The Australian Minister for Education, Dan Tehan, announced last Friday his Job-Ready Graduates Package which includes headline-grabbing changes to the fee structure for domestic students.
He’s trying to do a few things with his package:
“Within the higher education funding system there are opportunities to restore growth, better align funding with the average cost of delivery, offer greater flexibility and provide incentives to produce graduates in disciplines that support the national interest. Through restructuring the Government’s investment in higher education this way, we can increase accountability and maximise outcomes for all Australians.”
Attention has focused on how the government is changing the fee categories around: right now there are eight government contribution clusters and three bands for student’s fee contributions. In the future, there will be four groups each for government and students with a bit of shuffling between the disciplines to get to the new arrangements. The changes mean big swings in what students will pay (via a public income-contingent loan system) with humanities degrees more than doubling and maths a bargain fifty per cent off from next year, subject to passing through Canberra’s parliament. The combination of the two independent scales means that there are also some significant changes to providers’ unit of resource (and if you want to see the before and after shots, they’re in the handy FAQ).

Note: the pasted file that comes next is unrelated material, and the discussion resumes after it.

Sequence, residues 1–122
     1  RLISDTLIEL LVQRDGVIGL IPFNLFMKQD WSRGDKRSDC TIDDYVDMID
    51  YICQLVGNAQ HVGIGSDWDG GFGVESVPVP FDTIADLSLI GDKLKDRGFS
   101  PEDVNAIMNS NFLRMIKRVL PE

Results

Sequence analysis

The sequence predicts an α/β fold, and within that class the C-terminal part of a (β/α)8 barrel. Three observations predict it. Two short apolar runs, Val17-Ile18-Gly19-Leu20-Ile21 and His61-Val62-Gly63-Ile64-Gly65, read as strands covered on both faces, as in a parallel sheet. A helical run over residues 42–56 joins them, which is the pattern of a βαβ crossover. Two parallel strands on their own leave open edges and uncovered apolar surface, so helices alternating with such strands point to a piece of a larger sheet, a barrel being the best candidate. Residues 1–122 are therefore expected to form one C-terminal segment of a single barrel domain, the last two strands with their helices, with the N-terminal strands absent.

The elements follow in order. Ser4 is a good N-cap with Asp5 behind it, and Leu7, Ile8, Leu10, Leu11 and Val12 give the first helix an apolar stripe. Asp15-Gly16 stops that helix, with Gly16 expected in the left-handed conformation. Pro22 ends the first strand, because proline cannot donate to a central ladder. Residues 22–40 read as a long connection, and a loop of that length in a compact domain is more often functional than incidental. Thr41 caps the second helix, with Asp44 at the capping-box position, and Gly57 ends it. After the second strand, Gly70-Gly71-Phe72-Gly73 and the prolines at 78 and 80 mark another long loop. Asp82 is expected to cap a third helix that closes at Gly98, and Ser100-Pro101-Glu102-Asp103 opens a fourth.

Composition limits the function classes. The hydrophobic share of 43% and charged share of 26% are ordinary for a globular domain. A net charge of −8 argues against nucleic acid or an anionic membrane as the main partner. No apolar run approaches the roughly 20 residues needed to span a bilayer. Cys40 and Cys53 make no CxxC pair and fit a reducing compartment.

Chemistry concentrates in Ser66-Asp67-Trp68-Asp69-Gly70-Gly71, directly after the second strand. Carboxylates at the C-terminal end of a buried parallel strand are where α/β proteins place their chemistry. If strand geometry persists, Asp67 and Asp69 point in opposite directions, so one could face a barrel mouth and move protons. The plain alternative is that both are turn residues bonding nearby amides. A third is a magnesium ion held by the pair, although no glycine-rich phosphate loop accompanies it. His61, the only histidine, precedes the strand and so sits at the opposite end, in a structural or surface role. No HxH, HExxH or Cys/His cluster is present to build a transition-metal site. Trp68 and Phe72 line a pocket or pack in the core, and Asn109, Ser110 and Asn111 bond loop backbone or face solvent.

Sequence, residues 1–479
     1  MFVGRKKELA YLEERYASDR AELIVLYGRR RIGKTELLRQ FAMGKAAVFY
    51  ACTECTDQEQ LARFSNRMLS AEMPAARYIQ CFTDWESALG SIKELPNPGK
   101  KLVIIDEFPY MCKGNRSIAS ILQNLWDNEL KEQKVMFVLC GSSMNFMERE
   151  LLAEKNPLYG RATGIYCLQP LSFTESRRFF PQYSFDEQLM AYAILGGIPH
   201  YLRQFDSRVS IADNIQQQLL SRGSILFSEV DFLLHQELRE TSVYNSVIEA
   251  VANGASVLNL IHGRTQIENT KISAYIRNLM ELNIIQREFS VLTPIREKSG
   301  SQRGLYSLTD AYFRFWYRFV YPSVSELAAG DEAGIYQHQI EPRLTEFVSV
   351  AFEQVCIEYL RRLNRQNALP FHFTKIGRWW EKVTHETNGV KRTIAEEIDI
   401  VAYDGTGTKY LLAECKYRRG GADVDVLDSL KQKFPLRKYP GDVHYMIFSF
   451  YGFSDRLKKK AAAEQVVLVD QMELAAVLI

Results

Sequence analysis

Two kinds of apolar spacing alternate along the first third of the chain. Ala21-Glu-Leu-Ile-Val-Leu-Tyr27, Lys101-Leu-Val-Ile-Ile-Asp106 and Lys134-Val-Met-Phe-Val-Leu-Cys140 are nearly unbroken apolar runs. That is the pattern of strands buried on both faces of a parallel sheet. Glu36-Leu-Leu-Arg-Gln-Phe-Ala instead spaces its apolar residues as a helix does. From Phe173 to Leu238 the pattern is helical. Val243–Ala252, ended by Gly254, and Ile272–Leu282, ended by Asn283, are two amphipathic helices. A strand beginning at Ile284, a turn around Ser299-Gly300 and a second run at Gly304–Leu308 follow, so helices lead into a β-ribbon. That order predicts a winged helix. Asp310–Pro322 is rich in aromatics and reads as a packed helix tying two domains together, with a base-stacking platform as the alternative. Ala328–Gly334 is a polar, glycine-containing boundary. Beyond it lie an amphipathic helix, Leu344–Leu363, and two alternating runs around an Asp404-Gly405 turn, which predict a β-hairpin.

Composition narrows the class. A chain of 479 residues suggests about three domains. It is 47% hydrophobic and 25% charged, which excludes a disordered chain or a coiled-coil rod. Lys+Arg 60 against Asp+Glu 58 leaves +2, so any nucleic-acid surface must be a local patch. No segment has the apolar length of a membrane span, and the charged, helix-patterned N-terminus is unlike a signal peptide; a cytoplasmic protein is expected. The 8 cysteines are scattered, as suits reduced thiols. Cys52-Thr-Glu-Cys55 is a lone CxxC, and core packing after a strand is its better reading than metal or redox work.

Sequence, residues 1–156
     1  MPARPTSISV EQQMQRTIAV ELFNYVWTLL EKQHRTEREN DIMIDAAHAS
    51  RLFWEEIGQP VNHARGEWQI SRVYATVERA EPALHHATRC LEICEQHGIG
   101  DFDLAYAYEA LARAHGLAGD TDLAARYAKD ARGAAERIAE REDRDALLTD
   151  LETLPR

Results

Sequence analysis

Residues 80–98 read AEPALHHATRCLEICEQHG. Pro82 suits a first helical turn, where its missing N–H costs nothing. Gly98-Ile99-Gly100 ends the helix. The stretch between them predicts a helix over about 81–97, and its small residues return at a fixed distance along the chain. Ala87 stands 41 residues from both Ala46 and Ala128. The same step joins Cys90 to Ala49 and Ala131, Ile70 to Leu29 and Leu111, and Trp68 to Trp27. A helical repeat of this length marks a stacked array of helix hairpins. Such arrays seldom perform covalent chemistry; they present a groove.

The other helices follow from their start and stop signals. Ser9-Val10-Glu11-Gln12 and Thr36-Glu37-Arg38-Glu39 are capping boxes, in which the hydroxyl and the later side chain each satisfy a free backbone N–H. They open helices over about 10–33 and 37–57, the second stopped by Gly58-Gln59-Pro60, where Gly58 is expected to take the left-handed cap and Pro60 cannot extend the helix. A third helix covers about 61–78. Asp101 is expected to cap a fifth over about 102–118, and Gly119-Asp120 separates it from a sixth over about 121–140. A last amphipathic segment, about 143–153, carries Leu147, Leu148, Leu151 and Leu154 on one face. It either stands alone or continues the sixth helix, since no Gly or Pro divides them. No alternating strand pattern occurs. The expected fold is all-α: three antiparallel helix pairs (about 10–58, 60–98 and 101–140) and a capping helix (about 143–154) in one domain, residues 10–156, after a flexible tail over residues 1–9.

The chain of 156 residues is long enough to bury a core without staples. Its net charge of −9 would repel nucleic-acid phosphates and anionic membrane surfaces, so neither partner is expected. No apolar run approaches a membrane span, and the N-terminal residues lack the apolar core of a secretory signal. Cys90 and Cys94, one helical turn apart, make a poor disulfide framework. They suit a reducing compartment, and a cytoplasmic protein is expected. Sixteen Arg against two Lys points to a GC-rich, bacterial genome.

It’s sparked great concern about how humanities are undervalued, which may well be true, alarm that university education is seen in only an instrumental way leading to jobs, which for some policymakers it is, and concern that the Morrison government wants to do only the minimum to support universities, which also has the ring of truth to it. But there are some more interesting things going on here than a change in headline fee levels which, let’s remember, remain still significantly lower than in England and Wales (the announcement on Friday said “UK” which conveniently forgets free tuition in Scotland) with a maximum of $14,500 per year, about £8,000. Happily, continuing students will benefit from cheaper prices where they’ve reduced but won’t have to pay the higher ones.
It’s also worth noting for the UK reader that while there are many similarities between the systems here and there (the language itself feels eerily OfS, no?), there are some key differences like students paying module-by-module (confusingly called “subjects” in Aus) and a much greater propensity to study near home rather than move away for university. And without maintenance loans, the total debt burden is generally much lower.
The government giveth and the government taketh away